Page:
Ellen Samuels spent many hours in noisy, cramped MRI machines.
She said medical staff would give her these “little headphones” for playing music, but the sound of the metal coils clicking and vibrating electrical pulses almost cut that music off.
So to pass the time, she created poems in her head. Without being able to write them down, she imagined the haiku because the five-seven-five syllable format was easier to remember.
She then extended this practice to her other treatments, whether in an infusion center or in the hospital to receive different medications.
“It really helped me focus and give me a sense of control when things seemed really out of hand,” she said on WPR’s “Central Time” Monday.
Samuels, professor of English and gender and women’s studies at the University of Wisconsin-Madison, suffers from Ehlers-Danlos syndrome, an inherited connective tissue disease that perhaps most noticeably causes hypermobility joints.
“The ligaments that are supposed to hold your joints in place are weakened by this disorder,” she said. “I can dislocate my shoulder just by rolling over in my bed.”
She has released a new book, “Hypermobilities”, which is a collection of short poems written during two years of medical treatment. She said it was like “a haiku memoir”.
READ MORE: Some haikus from Ellen Samuels’ new book are included under this story
Samuels said his diagnosis was considered rare, although the number has increased in recent years, suggesting he may have been underdiagnosed.
She said that Ehlers-Danlos syndrome is a defect in collagen, “one of the building blocks of our body.” The syndrome can lead to subluxation, which is a partial dislocation.
In 2014, she was diagnosed with a complication of her Ehlers-Danlos syndrome which revealed a dissection of one of the arteries going to her brain, she said. This resulted in more emergency MRI scans of his head and neck.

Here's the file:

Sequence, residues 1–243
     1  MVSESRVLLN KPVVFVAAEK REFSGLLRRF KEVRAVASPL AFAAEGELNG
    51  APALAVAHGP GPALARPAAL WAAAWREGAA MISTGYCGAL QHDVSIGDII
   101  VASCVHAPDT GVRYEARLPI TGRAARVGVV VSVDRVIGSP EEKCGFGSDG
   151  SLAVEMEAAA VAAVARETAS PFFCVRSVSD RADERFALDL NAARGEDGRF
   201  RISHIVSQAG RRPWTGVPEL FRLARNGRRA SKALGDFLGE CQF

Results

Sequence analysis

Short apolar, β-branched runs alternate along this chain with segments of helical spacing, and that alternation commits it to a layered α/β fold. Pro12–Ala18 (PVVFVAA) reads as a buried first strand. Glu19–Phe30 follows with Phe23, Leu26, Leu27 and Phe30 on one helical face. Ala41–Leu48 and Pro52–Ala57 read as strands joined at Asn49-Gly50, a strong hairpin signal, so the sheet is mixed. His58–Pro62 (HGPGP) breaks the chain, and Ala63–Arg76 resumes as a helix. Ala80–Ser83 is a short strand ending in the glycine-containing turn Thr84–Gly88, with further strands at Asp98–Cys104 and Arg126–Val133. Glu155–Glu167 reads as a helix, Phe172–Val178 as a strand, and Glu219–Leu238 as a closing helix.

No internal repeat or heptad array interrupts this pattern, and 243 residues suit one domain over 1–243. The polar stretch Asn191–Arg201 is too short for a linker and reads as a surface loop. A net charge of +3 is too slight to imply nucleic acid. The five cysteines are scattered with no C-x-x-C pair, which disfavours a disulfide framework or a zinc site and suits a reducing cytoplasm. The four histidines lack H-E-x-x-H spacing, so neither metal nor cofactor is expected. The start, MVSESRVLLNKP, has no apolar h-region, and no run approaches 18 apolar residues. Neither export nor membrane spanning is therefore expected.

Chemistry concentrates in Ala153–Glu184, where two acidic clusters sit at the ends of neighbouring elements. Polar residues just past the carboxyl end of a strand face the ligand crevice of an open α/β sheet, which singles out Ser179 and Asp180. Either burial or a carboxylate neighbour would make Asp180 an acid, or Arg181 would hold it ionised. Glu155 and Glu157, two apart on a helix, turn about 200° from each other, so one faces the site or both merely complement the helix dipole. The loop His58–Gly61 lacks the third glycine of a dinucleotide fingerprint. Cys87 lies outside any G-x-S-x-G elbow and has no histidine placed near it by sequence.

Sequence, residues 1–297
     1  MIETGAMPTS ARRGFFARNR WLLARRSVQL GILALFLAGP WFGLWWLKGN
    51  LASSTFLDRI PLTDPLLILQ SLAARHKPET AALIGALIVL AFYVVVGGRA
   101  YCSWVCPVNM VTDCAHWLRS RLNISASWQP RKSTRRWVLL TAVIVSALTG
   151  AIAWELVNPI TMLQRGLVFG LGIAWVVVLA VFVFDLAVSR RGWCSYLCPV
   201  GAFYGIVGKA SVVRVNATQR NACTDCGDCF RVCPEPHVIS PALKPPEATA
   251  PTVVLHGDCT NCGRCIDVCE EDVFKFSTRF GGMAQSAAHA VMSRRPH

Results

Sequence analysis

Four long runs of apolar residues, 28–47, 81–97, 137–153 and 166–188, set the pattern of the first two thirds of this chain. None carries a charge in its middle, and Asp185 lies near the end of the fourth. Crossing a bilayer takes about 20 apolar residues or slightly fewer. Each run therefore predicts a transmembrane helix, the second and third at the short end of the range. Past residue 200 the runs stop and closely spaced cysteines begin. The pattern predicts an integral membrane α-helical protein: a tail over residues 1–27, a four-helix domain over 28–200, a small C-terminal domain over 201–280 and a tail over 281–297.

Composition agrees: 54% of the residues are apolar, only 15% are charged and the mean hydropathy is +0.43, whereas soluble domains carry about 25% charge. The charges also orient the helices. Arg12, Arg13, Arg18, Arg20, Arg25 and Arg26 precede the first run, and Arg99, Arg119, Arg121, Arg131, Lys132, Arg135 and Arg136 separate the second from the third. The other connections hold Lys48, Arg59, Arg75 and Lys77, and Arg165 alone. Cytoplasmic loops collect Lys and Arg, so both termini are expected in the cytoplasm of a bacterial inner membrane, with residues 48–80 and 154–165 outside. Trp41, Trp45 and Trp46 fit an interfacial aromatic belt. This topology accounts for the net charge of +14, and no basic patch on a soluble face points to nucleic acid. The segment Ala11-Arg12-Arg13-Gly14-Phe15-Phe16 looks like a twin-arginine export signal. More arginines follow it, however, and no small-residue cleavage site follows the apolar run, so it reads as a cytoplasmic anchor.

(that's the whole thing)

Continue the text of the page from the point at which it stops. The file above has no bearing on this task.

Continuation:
Then came the haiku.
She published poetry earlier in her career, but it was a long time ago.
First, it was just in a file on his computer, sometimes sharing a poem on social media. After 20 or 25 haikus, she said that she realized that her writing was more than just facing arduous treatment.
She was heading for a book.
Samuels said she would encourage other members of the disability community to write or be creative in a way that works for them.
She has spent the last decades teaching. She remembers students who might start a semester without any poem writing experience and end the semester discovering “that rich and beautiful voice that they didn’t know was there.”
“I think writing is a gift, but it’s also a skill that can be learned“, she said.” Anyone can do it. “
Samuels is a founding member of the UW Disability Studies Initiative, which is a program that studies the economic, social, cultural and political elements on the subject. The program partners with communities of people with disabilities statewide to “transform public understanding,” according to the program’s website.
Samuels said that she and others with chronic illnesses or disabilities often feel this “connection” that they don’t want mercy, but they also don’t want to pretend everything is fine.
Being honest when asked “how are you” can bring pity, she said, reinforcing the idea that “healthy” people are in a class of their own, distinct from people with disabilities.
It may seem uplifting to see someone in Samuels’ position and to think “I shouldn’t be complaining”. But she said it can be “deeply dehumanizing” because “it suggests that we are not the same kind of people.”
“It was true when I wrote the book before the COVID-19 pandemic, but certainly during the pandemic it becomes clear that we are all vulnerable,” she said. “We are all physically, mentally and emotionally interdependent, bonded and vulnerable people who cannot so easily divide into the worlds of who are healthy and who are not.”
But there are still thoughts and feelings that some can only truly reach by experiencing themselves. Generally speaking, the disability community “has supported me throughout my experience, both before and after the diagnosis,” Samuels said.
She said that other writers sharing their experiences have been very helpful to her.
“You are not alone. It is extremely isolating to have any type of handicap, to have any type of chronic disease. You often feel very cut off from the world,” he said. she declared. “I see all of my writing as different ways of connecting with this community and saying, “You are not alone. ““
Below are some haikus included in Ellen Samuels’ book, “Hypermobilities”.
Nobody is supposed to
lean as far. Nobody knows
why you don’t just break.
Sprained ankle, while sleeping
Pain hot swelling, foot-
bruising of the joints. What dance did
you dream and forget?
Displacement of the first rib
I am the garden
Eve never picked up. Fist with-
in the bone, rising.